“Kids who wanted to grow up and suddenly grew too old,” is the tagline to Maite Alberdi’s lovely documentary, The Grown-Ups. This Chilean-film chronicles the lives of a group of 40-50 year-olds with Down Syndrome, and they are fighting for their rights and dreams to live as adult citizens. The genius of this film relies on director Alberdi’s (whose aunt has Down Syndrome) insistence to keep the subjects with Down Syndrome front and center, in focus and subtlety captured through colorfully lit, almost angelic framing. Other characters such as teachers or family members, are either out of focus or out of frame. This is a powerful directing choice because the audience is only looking at the faces of this marginalized community throughout the entire 90-minute film, and that allows us to get used to their physical features and see these characters as ordinary people with relatable internal and external conflicts.
The Grown-Ups is a gentle-hearted and empathetic documentary, while subtly providing infuriating insight to the rights being taken away from people with mental disabilities. GET INVOLVED HERE!
The Grown-Ups does not have US distribution. International Sales: email@example.com
Ingrid Goes West – BAMcinemaFest – NY Premiere
I was pretty floored by Matt Spicer’s feature-film debut, Ingrid Goes West. After a bidding war at its world premiere at the Sundance Film Festival, new indie distributor NEON won North American rights to this film (beating out mega-players, A24 and Netflix). The Sundance-darling ended up winning the Waldo Salt Screenwriting Award – and after seeing Ingrid Goes West at BAMcinemaFest, I can see why. Together with his cast, co-writer, and collaborators, Spicer turns what could have been a cheeky, social media satire into a profoundly moving and layered character study that happens to also be hilariously timely. Elizabeth Olsen and Aubrey Plaza (in particular) deliver knockout performances that deserve to be recognized come awards season. The same can be said for the film itself.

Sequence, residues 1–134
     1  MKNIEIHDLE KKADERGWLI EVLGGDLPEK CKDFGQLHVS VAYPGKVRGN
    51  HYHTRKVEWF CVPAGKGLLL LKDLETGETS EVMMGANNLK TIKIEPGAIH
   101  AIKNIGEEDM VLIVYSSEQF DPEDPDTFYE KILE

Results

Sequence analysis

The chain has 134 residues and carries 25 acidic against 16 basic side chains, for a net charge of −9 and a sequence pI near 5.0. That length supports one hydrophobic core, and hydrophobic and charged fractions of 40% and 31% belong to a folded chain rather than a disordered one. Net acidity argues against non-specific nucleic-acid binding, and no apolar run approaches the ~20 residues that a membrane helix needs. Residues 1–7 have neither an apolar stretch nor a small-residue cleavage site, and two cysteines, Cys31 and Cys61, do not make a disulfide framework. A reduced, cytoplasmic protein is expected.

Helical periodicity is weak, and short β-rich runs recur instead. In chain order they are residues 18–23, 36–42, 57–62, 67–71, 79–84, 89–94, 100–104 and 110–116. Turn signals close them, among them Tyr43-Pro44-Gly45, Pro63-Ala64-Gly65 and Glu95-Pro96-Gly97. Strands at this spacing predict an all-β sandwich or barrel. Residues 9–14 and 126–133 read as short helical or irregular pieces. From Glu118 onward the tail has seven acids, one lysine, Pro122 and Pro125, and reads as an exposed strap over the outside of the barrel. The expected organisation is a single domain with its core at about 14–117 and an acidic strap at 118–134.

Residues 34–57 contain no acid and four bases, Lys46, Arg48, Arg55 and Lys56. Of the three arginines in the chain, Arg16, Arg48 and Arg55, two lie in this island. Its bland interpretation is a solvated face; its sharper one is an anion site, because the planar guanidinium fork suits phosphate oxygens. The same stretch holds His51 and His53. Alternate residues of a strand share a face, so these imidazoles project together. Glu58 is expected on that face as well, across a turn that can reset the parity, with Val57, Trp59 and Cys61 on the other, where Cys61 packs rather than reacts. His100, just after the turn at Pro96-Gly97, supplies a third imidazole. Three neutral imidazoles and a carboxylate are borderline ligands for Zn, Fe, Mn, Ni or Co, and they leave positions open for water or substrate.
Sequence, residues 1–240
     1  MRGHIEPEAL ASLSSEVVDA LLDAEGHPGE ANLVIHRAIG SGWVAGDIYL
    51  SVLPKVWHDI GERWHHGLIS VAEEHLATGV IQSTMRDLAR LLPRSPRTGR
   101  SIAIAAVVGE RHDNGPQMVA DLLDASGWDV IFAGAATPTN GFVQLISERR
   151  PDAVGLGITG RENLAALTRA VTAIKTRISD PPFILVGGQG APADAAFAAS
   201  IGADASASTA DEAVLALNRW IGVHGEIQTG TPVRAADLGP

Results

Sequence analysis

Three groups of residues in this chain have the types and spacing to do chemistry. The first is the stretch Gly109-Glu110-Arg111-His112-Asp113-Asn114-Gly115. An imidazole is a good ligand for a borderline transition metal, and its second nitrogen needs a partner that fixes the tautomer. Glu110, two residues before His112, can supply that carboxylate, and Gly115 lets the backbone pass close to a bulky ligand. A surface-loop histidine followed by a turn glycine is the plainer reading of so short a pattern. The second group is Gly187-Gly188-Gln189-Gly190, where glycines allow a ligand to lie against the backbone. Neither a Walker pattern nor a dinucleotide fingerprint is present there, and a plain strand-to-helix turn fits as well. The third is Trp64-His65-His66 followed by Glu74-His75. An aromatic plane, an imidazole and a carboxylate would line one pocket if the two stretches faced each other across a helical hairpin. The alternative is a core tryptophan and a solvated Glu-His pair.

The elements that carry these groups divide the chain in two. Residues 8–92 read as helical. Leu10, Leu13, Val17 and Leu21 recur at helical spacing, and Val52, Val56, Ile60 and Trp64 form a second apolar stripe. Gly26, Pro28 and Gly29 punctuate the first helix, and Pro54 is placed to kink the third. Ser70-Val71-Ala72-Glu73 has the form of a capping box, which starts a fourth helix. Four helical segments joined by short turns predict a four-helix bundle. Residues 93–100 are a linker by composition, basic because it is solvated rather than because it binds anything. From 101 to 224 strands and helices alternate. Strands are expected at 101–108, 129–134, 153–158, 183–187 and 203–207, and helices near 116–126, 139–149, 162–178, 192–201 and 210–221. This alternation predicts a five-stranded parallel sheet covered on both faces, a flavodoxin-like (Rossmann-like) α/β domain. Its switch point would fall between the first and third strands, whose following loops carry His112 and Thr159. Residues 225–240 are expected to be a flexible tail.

Ingrid Goes West hits theaters August 11th via NEON!
A Ghost Story – BAMcinemaFest – NY Premiere
David Lowery is the real deal. He can step right up and claim his earned auteur status; from directing Ain’t Them Bodies Saints to Pete’s Dragon and now A Ghost Story, Lowery’s distinct cinematic voice is fully realized as his own. Top indie distributor A24 secured rights to this indie gem before its world premiere at the Sundance Film Festival, all while no one (including myself) had a clue that Lowery was making this film. Brilliant. I saw the NY premiere of A Ghost Story at BAMcinemaFest, and to this day (just over a month) I’ve found it nearly impossible to describe what this film is about. On paper, most mainstream audiences would dismiss this as a “boring” or “slow” film. This is far from the case if you’re interested in original and thoughtful filmmaking: A Ghost Story is a quietly humane film and is quite funny in its existential quest to discover the meaning of life. Time is almost like a character in this film; it lingers like a haunting memory, and then eventually stands there like a familiar friend. Having patience and allowing shots to just sit there and settle in your mind is a powerful feeling, and is most rewarding after the film…reflecting, going through snapshots from your memory.
I couldn’t take my eyes away from the screen and was completely transfixed by the vivid filmmaking on display while watching Lowery’s latest work. A Ghost Story is an art film in the best way possible; and like a painting, this is a film that relies on one’s perspective. This is a story for all of our lives.
A Ghost Story is now playing in select theaters via A24!
Beach Rats – New Directors/New Films – NY Premiere